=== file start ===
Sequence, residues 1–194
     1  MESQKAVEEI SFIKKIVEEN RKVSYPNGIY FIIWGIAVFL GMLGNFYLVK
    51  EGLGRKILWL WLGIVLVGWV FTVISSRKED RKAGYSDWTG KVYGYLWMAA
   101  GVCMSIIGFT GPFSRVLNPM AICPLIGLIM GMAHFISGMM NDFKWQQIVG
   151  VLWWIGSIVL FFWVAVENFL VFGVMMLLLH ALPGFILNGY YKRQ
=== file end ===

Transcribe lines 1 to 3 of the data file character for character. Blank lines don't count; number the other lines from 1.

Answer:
Sequence, residues 1–194
     1  MESQKAVEEI SFIKKIVEEN RKVSYPNGIY FIIWGIAVFL GMLGNFYLVK
    51  EGLGRKILWL WLGIVLVGWV FTVISSRKED RKAGYSDWTG KVYGYLWMAA